Toy Story 4
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'Hercules' is the most exhilarating movie experiences of 2014 yet! Dwayne Johnson capitalizes on another brilliant performance full of charisma supported by a story that's entertaining enough to sit through. He bulks up for the role and offers a new Hercules offering diversity to our cultural understanding of the Greek God. Ratner adds an enjoyable twist to the original tale, and his visuals are the most stunning images so far in 2014. By the end of the film, you can't help but get up, like a six-year-old and chant his name.
Just when you though great storytelling was dead, Ozon hits you with a shamelessly offensive yet brutally honest memorable art house film.
Part II is written on a Shakespearean level. The Godfather (1972) was beautiful in its' pulpy melodramatic sense that perfected and reinvented 30's mobster films. However, Part II takes all the underlying thematic genius of the first film and makes a compilation that has a fine balance between Robert De Niro's and Al Pacino's best performances. The first Godfather was a wonderful stepping stone to this masterpiece of art, and is the only true 'Renaissance' film. Ever since the first film, audiences wanted to see Michael truly taking the position of Don Corleone - and it is breathtaking. Immigration is at the center of the heart. Michael was never meant to be Don even if he believes and truly has what it takes. The Sicilian kind heart of Vito is lost and corruption ensues. The flashback sequences accompanied by a fine-tuned score by Nino Rota make this film a combination of two masterpieces, and thus my favorite film of all time.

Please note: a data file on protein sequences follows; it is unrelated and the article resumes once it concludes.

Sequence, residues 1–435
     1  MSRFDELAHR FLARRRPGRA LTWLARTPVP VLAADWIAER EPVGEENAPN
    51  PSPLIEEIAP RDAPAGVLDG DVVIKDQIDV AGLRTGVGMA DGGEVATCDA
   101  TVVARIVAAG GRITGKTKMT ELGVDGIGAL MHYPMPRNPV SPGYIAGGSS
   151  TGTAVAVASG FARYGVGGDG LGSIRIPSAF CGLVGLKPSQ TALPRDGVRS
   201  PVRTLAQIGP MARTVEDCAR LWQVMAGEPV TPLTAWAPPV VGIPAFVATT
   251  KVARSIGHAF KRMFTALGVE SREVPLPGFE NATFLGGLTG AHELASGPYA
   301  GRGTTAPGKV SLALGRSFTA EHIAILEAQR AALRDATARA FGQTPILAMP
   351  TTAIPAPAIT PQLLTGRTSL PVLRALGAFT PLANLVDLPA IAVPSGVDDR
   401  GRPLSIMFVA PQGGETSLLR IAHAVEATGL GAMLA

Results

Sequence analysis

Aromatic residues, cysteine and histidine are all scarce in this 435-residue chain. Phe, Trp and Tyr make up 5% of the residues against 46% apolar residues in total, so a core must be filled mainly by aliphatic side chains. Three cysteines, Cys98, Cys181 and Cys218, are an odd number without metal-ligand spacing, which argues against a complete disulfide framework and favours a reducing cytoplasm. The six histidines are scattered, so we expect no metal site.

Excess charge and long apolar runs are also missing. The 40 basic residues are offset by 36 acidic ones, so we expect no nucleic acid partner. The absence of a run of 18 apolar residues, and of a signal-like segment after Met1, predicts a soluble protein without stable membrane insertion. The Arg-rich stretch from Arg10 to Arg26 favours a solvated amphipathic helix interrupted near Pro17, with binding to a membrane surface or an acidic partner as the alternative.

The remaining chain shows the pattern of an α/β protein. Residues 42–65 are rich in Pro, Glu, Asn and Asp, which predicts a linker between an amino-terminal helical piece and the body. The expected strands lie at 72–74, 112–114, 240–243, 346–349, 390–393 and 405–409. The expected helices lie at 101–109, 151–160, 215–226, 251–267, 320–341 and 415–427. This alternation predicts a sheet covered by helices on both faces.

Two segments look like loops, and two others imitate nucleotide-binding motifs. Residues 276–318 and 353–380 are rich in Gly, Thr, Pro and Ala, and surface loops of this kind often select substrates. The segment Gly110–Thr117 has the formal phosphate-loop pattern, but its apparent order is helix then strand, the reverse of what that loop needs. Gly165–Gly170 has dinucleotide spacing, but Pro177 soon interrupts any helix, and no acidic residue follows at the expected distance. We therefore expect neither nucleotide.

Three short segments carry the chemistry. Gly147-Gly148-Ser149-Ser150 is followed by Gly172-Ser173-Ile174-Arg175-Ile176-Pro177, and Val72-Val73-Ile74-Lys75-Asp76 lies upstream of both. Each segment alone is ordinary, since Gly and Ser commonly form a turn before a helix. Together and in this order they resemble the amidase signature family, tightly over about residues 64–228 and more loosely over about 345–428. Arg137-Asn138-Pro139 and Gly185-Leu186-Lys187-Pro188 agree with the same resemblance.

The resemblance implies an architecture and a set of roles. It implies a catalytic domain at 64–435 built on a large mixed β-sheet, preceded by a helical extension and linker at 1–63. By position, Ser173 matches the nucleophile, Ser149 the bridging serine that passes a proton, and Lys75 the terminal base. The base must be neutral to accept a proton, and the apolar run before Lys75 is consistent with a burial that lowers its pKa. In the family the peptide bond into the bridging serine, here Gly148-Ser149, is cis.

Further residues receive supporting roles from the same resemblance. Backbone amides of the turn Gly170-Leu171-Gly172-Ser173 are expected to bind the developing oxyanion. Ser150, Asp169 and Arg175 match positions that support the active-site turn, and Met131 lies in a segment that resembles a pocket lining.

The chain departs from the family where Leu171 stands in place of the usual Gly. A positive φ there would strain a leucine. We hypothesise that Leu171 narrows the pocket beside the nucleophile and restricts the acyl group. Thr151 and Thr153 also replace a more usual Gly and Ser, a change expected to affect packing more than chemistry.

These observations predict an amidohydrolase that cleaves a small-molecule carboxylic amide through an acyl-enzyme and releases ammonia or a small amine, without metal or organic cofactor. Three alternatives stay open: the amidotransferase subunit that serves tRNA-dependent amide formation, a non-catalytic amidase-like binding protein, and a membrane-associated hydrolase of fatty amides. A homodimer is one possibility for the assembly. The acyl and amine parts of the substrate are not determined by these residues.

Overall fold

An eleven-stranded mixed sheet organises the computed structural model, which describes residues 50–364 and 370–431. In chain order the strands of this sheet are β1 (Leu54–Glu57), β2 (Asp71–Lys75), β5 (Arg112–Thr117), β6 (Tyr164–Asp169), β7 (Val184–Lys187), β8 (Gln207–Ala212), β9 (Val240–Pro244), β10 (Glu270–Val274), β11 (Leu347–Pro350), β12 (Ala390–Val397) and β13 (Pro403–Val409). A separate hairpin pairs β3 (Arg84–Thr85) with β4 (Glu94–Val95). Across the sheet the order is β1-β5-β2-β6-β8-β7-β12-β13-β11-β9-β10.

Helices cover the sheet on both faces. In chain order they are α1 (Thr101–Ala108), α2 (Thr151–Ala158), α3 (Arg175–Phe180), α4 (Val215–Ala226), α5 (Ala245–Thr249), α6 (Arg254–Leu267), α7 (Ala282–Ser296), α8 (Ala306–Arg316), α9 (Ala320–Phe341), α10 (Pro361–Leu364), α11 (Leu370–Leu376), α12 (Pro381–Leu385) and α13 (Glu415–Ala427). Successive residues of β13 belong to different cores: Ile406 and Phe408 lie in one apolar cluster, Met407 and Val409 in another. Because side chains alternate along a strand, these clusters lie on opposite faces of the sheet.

Stand Up Guys is trash, but it's entertaining trash since it has the three old kings: Alan Arkin, Al Pacino, Christopher Walken. Christopher Walken is still a serious actor who is fantastic in most of his recent roles. Alan Arkin is the funniest old guy to hit the big screen in recent years. Al Pacino, like De Niro, has completely wasted his talent over the last few years. Nevertheless, he still manages to have some charisma. The script starts off very strong grounded in nostalgia and the fear of old age; then, it takes a u-turn into shameless slapstick and Tarantino wannabe-style. At the end of the day, it is a generally heartfelt film about friendship.
Just because a film has likable intentions doesn't mean it's a good film. The Place Beyond The Pines is a hollow film void of catharsis due to its stiff writing and direction. Ryan Gosling is wooden in his role which is a shame as it is a trend that is plaguing a genuinely good actor. He is a walking pawn for director Cianfrance to place wherever he wants. Every actor hits one note the entirely film without offering anything else; however, they're all good actors. The story is divided into three separate films that try to be a noble and genuine look into the lives of people trapped in their lower-classes. The film is also a melodrama without the emotions. Some of the quotes are so artificial at being poetic just like the title itself. The plot is impossible not to spoil, but it's not original. Bradley Cooper freshens up this film, and Dane Dehaan performance feels so important that it simply pardons the lackluster script. I can only commend Cianfrance for choosing to make an unconventional story-line. However, he needs some guidance; it's as if he started with a blank page and figured out the story later.